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Disclose an Invention
Kennedy Nyairo, Ph.D., serves as Senior Licensing Manager dedicated to commercializing the inventions from the James C. Wyant College of Optical Sciences.
For those who are legally blind or have impaired eyesight, low vision can have an immense impact on quality of life. Based on inventions developed in the Wyant College of Optical Sciences, a system from the eSight corporation is allowing people to see.
This James C. Wyant College of Optical Sciences phoropter technology aims to shorten and ease your visits to the eye doctor.
In 2014, Distinguished Professor Bill McCallum, now retired, started a new company dedicated to transforming mathematics education. Today, the company works with over 200 schools, and more than 2,000 teachers use its products. Watch the video!
Funded by the American Cancer Society and the National Cancer Institute at the NIH, Jacob Schwartz, Ph.D., professor of chemistry and biochemistry at the UA College of Science, has created a new drug treatment for cancer with a focus on Ewing’s sarcoma.
Biocompatible polymer solutions invented in the UA College of Engineering were licensed to startup Clean Earth Tech to address the challenge of keeping dust down for better human health.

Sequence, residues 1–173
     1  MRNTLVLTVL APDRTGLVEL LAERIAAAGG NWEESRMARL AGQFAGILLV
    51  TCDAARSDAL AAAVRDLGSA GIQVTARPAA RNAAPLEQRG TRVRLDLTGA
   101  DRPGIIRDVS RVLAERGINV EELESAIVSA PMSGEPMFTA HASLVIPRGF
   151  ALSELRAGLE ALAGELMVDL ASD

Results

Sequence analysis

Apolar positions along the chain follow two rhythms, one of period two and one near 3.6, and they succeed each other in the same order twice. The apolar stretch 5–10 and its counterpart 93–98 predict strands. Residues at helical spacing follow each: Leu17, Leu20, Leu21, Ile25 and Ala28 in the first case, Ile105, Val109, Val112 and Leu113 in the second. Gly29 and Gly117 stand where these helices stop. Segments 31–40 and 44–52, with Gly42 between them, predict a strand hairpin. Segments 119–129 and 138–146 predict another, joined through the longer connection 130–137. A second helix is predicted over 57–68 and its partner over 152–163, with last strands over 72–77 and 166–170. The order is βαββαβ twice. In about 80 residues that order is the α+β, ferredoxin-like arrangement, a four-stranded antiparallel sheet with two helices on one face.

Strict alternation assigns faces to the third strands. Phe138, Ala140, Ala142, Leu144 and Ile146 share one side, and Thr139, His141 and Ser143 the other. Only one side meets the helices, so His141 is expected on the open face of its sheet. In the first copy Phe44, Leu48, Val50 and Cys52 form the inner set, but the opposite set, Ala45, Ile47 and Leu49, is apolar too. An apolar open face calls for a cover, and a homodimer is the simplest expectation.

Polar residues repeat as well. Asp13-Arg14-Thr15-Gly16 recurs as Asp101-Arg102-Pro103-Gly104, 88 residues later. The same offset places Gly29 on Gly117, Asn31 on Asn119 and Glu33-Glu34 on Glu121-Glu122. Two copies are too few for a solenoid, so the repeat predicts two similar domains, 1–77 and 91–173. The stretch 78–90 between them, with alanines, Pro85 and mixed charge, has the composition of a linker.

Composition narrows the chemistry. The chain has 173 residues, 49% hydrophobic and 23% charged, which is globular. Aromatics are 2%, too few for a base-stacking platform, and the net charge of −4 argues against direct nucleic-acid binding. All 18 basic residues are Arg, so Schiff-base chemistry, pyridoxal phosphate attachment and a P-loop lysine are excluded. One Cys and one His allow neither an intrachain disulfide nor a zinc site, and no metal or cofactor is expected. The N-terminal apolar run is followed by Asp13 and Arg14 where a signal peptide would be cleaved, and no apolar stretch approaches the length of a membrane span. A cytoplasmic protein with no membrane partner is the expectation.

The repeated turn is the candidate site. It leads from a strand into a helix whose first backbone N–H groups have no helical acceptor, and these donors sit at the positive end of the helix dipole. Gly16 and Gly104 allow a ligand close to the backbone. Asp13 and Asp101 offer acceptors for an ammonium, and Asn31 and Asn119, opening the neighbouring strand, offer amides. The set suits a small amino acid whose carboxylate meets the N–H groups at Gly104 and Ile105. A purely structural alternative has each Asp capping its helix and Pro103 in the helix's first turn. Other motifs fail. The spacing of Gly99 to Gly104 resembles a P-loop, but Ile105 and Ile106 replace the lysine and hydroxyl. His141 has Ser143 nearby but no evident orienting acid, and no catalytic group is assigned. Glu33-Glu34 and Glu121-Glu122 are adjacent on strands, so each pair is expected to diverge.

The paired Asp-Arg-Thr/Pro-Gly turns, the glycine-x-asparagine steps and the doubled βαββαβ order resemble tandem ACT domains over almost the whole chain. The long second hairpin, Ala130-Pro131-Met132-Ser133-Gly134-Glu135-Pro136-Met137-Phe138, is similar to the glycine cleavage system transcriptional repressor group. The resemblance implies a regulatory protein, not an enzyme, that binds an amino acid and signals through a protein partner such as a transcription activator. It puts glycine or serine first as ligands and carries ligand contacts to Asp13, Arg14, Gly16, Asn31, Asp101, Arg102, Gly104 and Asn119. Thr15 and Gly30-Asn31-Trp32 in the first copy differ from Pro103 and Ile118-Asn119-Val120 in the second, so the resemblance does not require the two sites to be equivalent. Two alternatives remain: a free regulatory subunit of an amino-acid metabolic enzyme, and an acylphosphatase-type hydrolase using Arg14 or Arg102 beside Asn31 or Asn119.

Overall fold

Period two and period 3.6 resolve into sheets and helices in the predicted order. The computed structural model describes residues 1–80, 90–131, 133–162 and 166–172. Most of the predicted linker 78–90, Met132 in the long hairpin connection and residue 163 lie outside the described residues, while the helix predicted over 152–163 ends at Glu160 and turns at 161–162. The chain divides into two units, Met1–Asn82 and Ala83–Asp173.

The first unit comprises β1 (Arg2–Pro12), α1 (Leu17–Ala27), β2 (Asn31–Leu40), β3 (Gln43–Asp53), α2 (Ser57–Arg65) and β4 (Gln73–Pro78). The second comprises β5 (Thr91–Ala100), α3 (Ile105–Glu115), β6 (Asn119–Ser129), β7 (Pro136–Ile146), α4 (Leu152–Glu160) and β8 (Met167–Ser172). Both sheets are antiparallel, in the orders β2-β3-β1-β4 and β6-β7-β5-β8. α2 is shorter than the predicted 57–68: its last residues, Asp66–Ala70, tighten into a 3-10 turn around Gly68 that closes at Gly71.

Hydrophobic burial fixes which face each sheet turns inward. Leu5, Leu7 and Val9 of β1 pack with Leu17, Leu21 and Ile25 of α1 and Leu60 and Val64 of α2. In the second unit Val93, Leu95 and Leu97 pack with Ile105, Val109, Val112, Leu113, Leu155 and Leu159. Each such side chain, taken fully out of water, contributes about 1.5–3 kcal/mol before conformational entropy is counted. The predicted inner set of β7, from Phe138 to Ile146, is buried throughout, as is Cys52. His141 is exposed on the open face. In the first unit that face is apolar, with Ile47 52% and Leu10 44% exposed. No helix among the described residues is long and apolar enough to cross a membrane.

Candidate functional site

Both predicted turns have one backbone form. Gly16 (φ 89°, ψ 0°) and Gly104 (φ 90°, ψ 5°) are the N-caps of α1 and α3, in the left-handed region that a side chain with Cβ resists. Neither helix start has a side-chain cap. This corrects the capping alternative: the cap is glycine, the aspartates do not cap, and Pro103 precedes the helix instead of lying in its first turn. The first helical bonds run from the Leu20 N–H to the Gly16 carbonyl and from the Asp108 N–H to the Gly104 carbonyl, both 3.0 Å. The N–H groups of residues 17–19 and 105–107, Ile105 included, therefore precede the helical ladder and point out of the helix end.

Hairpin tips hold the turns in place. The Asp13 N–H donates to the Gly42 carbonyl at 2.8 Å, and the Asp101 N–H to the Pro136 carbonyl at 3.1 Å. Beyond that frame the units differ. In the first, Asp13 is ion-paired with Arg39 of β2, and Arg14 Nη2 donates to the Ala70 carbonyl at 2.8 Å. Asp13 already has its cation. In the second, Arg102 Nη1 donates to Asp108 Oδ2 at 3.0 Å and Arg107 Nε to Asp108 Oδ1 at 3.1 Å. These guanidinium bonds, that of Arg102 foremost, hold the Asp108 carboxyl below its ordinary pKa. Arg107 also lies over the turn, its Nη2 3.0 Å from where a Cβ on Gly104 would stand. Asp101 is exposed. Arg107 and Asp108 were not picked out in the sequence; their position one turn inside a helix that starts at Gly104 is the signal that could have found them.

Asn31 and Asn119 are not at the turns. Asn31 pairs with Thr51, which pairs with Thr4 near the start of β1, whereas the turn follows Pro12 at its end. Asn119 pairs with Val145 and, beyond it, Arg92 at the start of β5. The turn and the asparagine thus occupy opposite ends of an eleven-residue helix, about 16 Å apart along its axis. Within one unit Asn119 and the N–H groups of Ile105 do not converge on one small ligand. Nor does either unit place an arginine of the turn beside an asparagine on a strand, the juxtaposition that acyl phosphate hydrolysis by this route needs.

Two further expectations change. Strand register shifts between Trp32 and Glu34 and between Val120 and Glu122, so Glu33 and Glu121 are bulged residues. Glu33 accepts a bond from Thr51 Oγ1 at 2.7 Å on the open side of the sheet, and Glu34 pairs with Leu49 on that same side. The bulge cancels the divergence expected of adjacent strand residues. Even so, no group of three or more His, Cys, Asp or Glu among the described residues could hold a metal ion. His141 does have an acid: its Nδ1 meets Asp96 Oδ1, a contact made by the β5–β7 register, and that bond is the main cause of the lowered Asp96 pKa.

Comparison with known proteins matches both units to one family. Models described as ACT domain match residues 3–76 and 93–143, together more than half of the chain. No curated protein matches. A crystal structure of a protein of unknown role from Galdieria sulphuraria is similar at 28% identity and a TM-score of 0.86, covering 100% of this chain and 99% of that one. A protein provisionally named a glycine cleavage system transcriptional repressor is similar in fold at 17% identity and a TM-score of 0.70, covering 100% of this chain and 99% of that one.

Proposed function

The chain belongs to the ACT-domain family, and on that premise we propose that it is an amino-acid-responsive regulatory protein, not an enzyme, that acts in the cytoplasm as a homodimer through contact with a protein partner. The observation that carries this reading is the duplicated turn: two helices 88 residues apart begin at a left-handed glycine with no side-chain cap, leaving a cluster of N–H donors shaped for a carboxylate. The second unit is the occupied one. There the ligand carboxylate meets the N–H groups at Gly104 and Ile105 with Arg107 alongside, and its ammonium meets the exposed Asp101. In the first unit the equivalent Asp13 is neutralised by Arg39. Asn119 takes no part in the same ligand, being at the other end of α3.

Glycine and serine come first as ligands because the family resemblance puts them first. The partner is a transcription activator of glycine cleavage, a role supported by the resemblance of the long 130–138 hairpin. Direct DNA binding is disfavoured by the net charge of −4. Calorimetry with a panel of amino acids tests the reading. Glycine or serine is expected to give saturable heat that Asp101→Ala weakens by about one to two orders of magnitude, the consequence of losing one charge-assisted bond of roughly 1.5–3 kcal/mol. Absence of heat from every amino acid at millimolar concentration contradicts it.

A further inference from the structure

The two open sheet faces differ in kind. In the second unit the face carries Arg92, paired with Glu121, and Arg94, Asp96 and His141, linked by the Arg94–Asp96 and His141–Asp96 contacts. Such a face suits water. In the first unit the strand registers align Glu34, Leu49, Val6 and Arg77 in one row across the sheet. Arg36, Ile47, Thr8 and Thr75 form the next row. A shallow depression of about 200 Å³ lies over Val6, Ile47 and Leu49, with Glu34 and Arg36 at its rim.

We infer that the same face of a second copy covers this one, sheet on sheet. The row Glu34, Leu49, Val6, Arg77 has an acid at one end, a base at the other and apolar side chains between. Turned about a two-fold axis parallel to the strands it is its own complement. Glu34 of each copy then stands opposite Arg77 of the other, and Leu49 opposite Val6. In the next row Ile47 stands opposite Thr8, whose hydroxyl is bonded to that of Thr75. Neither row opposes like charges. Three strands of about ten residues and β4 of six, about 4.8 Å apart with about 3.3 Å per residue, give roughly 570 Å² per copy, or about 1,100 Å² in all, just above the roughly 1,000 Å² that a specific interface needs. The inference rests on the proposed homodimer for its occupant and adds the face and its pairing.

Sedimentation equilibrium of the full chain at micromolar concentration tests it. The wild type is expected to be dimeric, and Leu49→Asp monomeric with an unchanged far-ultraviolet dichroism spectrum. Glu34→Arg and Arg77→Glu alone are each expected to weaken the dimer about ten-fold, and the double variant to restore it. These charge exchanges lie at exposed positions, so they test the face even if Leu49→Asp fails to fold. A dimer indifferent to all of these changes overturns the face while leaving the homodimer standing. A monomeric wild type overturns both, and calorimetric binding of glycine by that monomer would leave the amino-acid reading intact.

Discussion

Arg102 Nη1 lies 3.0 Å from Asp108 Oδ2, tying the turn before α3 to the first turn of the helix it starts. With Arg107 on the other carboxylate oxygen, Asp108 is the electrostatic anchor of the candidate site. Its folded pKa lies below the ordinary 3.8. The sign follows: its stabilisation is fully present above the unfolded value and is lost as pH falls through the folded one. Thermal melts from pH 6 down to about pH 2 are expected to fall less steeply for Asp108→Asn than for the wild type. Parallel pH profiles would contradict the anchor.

University of Arizona Ph.D. returns to give back and build impactful, research-driven startups capping 30-year career in industry.
With life-critical systems like pacemakers, insulin pumps and more, how can we protect users from malware? Roman Lysecky, PhD, professor at the UA Department of Electrical and Computer Engineering has created multi-modal software that allows the user to interact with the system through various modes, potentially saving lives.
UA researchers have developed a liquid biopsy screen that offers a way to detect and monitor cancer that is less invasive than traditional methods. They have launched DesertDx to bring the technology to the world.
With the help of an exoskeleton developed by his mom and a UA Engineering Design team, Jeffrey Bristol stood on May 11 to receive his diploma. With the help of Tech Launch Arizona, the UA is pursuing a patent for the exoskeleton and working to bring it to the world.